Women and Buses in Uganda is a subject stereotypically inclined. The bus industry in the world has drastically evolved and consequently embodying women with roles that were only in the patriarchal chamber. However, is this change visible in our Bus industry practically stretching to the management of our Bus companies or driving of Buses?
The tragedy of female players in the Ugandan Bus industry has been nuanced by their relegation to being ticket brokers, Bus office receptionists while the crème jobs are a preserve for men and this is because our society has cemented values and ideologies within us that are hard to shake and in the end it has created an unfavorable environment for women to thrive in the Bus industry.
Unfortunately, It is empirically evidential that in order to have a thriving Uganda bus industry, we ought to pursue diversity. We cannot feign ignorance to the fact that women encompass half of Uganda’s population (50.2%) according to the World Bank. Apparently, the most sought after skills entail creativity, professionalism, adaptability with adversity being the qualifier of those skills.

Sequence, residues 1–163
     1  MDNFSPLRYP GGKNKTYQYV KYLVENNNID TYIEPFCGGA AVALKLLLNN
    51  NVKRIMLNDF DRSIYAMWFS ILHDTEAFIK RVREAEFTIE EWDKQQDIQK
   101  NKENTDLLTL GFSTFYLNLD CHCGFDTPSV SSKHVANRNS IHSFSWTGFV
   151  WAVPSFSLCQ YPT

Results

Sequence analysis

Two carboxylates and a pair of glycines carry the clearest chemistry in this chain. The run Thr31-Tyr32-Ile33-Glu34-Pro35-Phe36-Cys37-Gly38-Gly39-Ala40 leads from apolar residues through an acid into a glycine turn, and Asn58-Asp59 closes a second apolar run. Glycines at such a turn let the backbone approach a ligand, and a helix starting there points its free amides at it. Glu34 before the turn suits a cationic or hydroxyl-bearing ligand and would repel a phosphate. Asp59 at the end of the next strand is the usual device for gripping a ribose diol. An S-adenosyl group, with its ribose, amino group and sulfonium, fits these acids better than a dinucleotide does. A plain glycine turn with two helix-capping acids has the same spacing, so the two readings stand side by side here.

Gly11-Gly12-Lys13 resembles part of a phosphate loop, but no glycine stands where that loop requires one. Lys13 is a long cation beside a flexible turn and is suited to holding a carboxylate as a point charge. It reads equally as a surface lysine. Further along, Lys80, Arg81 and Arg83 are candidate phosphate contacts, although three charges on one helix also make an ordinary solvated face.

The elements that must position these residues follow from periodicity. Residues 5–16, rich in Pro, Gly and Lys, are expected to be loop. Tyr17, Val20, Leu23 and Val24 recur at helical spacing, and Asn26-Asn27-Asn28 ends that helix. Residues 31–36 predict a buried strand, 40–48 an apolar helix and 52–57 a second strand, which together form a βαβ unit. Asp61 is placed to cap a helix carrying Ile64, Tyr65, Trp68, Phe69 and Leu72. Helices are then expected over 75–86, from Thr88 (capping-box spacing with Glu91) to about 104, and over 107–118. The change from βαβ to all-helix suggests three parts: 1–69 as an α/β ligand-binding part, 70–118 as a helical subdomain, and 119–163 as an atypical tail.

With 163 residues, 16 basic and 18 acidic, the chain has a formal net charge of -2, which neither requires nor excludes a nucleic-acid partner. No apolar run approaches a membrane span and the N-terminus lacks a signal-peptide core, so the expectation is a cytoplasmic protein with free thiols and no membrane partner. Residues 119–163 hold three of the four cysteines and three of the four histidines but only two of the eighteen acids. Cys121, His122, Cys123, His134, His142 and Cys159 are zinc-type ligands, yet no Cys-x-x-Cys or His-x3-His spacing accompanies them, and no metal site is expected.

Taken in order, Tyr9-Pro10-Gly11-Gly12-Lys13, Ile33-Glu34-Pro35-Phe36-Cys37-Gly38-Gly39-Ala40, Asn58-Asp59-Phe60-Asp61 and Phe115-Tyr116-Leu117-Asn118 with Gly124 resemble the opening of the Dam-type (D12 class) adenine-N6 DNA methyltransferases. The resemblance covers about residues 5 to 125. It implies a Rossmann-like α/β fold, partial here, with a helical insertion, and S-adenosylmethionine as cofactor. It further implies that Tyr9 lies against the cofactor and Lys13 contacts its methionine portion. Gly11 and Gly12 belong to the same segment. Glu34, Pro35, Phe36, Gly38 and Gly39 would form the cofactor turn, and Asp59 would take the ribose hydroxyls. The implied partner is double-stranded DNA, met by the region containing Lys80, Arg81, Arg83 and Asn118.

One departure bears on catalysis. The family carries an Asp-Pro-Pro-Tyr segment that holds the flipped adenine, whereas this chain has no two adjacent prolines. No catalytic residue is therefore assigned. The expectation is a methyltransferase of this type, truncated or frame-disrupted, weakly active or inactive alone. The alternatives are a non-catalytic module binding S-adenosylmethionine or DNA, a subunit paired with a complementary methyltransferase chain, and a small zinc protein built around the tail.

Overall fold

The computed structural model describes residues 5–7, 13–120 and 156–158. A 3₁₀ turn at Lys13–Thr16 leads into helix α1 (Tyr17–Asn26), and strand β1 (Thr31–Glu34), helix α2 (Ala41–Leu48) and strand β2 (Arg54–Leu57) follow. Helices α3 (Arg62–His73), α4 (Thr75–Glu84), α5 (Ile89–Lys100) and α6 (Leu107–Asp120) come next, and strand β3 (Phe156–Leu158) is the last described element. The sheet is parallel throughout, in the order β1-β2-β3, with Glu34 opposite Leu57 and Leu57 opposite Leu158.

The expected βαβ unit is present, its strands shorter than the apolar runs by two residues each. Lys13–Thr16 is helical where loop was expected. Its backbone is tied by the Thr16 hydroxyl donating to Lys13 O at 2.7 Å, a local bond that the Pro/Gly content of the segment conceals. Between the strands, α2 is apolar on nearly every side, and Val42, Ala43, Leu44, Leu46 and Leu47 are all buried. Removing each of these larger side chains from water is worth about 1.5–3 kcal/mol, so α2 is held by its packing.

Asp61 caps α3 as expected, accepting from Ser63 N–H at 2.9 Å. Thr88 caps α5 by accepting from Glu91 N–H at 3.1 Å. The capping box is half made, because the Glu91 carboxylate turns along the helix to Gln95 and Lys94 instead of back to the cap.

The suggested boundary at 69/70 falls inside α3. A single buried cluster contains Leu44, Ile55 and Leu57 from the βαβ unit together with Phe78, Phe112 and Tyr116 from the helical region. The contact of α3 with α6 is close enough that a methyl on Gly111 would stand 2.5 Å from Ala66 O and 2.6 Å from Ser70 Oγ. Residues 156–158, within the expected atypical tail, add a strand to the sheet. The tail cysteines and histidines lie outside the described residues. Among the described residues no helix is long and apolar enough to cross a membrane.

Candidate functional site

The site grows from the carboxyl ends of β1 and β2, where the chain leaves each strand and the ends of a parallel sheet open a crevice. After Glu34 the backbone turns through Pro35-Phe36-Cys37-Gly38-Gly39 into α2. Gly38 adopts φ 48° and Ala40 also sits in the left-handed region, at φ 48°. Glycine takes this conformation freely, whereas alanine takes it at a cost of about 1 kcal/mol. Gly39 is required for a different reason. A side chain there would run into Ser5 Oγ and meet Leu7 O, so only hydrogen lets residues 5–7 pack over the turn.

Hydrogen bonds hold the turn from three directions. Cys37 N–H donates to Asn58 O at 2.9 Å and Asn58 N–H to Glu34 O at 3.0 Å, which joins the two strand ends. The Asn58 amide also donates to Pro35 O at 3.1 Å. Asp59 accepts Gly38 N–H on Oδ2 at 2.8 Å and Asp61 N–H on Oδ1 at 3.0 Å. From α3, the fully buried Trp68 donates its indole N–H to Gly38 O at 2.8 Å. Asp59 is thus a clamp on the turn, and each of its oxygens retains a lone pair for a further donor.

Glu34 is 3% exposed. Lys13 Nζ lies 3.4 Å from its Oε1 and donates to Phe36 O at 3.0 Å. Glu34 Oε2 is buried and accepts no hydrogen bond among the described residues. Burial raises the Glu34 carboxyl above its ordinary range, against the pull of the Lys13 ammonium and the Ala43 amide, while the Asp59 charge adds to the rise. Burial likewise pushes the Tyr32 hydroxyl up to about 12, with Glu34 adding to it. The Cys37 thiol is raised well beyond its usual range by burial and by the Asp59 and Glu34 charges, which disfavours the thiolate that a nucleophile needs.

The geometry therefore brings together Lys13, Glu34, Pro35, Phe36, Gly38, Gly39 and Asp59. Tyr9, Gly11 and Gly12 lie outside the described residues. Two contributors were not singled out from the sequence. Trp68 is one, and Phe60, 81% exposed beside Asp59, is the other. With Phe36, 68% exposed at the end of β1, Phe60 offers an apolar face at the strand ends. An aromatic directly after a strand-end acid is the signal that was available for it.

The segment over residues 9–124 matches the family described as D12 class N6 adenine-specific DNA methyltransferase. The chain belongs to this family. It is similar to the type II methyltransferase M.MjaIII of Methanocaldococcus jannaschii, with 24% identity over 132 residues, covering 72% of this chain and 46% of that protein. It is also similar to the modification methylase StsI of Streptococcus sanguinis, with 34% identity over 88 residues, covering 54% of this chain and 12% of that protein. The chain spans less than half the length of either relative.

A dearth of drivers of drivers with the above skills has dramatically slowed growth of our industry. Training and getting more women on board thus plays a key role in the bus industry like bridging the gap of unprofessional Bus drivers consequently resulting in good road safety and fostering a harassment free environment. Equally employment opportunities are also generated for daughters and sisters to join an industry dominated by men.
Different research projects and statistics have proven that women Bus drivers are more risk averse and determined drivers. For example, in 2006, the Uganda Bus Industry witnessed Alice Nyambura who is considered to be Uganda’s first female Bus driver. Her legacy still stands tall, she was adored and praised by her passengers and her bosses at GAAGA Bus Company.
As the industry grows, urgency is needed to offset the barriers and challenges that hinder women from playing a key role in our industry. An unfettered fight against sexual harassment must be at the Centre stage.
Therefore seeking and providing more opportunities for women in our industry will surely benefit Uganda, the bus industry, the economy and our community as well.
The writer is a travel critique and a freelance writer with Ugabus.com